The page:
Wednesday, August 5, 2015

Supreme Court to Katju: Those who criticise must be ready to face criticism too

Retired Supreme Court Judge Markandey Katju failed to get relief from the apex court Monday, as a three-judge bench led by Justice T S Thakur said “he should be mentally prepared for his own criticism if he criticises others”. The bench was hearing a petition filed by Justice Katju for quashing Parliament’s resolution against him for his comments against Mahatma Gandhi and Subhash Chandra Bose. In March, both the houses had passed resolutions condemning the former Press Council of India chairperson for his blog post in which he called Gandhi “a British agent” and Bose “a Japanese agent”. Justice Katju claimed the resolutions curtailed his right of free speech and harmed his reputation. 

But the bench said that prima facie, there was nothing wrong in the houses passing the resolutions, and it did not interfere with the fundamental rights of the former judge. The SC bench, also comprising Justices Gopala Gowda and R Banumathi, asked Justice Katju’s lawyer, Gopal Subramanium, why the blog post should not amount to defamation. “If this article is defamatory, everyone has a right to condemn him. Justice Katju is entitled to his view but the Parliament and others may disagree. If there is one action, it must be against Justice Katju for writing this article. What he said about Mahatma and Bose may amount to defamation,” said the bench. “Once you (Justice Katju) have chosen to expose yourself to public life, you will have to accept criticism,” said the bench. Questioning the need for the petition, the bench said: “Has your right to speak been taken away? No. Can anybody ever take it away from Justice Katju? We don’t think so. If he wants, he can again make such statements. But like he has a right to free speech, others also have a right to speak in criticism.” The bench said Parliament was entitled to put its condemnation on record. “The moment you write something and submit it to the judgement of the people, anyone can criticise you… anyone can disagree with you. If an individual can criticise you, why can’t an institution like Parliament? It is not a slur but a strong criticism of your views,” it said. Subramanium argued that Parliament could not pass the resolution without giving him notice. “How has this resolution affected your right? Which fundamental right of yours has been curtailed? If you want, you can still say what you had been condemned for. You can hold onto your personal belief but then you cannot prevent your criticism. We don’t see how the resolution is an injury to your reputation,” said the bench.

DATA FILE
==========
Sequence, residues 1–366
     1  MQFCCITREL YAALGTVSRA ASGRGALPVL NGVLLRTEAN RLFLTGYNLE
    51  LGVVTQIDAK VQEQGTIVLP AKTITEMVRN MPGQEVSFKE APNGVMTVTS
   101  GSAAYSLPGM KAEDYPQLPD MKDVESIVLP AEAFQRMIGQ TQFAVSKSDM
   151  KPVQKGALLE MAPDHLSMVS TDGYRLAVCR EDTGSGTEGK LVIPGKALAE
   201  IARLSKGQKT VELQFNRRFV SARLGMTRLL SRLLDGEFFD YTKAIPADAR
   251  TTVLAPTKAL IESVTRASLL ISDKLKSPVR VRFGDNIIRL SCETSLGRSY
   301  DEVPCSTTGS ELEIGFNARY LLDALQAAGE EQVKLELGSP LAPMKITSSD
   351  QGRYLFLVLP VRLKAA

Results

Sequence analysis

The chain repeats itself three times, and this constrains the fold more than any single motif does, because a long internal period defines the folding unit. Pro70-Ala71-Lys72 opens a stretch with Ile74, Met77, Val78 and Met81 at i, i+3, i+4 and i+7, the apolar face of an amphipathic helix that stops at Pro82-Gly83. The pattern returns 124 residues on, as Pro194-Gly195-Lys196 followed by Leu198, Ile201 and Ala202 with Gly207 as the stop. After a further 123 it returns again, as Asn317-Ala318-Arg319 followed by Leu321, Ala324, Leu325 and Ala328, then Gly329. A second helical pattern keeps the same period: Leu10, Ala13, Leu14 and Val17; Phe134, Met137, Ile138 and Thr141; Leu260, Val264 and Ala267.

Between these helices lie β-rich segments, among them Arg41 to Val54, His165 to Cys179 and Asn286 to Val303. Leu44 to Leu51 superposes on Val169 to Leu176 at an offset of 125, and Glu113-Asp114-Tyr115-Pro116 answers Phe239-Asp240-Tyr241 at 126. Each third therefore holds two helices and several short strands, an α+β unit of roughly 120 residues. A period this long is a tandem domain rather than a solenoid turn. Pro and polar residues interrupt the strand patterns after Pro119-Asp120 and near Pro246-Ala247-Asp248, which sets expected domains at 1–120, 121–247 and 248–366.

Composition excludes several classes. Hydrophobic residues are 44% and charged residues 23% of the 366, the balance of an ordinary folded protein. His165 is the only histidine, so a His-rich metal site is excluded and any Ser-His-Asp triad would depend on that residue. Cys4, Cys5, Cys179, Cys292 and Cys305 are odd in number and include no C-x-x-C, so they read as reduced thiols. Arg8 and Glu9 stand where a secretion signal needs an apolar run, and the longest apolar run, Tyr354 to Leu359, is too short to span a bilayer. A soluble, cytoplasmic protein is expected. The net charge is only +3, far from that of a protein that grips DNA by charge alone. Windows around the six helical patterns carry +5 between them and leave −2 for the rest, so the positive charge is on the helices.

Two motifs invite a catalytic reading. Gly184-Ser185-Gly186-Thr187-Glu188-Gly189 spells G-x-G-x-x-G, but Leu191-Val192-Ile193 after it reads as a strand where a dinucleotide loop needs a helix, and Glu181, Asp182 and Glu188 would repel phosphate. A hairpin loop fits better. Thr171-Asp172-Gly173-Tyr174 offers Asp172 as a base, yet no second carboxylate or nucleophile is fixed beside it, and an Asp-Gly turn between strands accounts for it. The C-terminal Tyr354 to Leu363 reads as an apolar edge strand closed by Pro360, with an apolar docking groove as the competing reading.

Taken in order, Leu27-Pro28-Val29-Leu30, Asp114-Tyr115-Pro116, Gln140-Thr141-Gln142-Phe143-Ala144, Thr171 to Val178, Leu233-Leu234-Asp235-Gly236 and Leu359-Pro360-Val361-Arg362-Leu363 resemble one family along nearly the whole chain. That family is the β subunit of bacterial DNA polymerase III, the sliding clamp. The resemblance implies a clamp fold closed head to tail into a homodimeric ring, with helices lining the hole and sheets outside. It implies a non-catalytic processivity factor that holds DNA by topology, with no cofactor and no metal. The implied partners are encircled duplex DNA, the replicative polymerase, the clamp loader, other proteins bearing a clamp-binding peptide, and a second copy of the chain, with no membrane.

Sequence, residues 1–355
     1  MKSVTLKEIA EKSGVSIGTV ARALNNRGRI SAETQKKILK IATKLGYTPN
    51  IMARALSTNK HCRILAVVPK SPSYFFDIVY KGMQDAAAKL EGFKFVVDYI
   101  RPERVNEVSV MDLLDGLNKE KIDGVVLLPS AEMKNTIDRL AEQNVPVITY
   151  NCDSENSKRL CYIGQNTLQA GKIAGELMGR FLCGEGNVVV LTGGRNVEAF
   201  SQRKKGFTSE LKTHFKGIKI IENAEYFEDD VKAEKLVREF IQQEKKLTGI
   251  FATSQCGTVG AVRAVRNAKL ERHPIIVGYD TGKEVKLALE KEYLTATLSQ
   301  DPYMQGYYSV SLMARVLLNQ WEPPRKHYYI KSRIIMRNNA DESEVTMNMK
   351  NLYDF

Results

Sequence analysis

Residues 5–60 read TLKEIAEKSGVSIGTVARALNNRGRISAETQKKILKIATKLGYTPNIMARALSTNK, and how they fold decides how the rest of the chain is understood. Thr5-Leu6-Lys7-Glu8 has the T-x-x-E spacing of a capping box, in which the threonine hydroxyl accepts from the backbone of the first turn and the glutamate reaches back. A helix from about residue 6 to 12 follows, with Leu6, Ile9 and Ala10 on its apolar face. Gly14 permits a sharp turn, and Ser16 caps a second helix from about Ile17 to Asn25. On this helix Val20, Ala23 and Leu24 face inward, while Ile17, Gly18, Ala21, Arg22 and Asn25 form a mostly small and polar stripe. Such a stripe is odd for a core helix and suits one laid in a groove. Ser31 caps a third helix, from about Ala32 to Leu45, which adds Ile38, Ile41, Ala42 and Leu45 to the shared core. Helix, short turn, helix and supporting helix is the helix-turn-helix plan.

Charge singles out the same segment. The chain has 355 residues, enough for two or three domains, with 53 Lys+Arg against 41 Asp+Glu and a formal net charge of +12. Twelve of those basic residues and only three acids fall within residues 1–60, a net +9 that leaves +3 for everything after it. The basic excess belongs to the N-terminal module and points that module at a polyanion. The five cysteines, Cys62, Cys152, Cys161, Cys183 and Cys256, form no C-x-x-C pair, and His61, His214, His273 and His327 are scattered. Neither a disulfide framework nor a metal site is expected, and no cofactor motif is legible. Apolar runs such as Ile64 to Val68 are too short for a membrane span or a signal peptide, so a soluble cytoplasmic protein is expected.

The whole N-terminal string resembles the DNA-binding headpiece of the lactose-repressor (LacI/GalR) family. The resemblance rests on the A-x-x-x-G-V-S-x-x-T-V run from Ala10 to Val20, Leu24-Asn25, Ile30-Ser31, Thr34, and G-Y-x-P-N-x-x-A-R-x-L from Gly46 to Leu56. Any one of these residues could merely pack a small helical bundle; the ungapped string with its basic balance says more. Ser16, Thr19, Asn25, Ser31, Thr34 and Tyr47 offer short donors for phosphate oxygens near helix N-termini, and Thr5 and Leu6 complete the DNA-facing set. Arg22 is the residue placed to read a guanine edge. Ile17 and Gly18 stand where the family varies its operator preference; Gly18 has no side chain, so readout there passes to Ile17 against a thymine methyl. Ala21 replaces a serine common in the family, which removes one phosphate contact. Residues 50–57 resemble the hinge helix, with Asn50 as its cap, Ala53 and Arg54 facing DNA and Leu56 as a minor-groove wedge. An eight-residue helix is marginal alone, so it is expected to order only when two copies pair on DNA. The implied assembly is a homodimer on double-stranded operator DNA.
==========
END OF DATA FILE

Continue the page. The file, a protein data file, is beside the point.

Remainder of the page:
No comments:

Post a Comment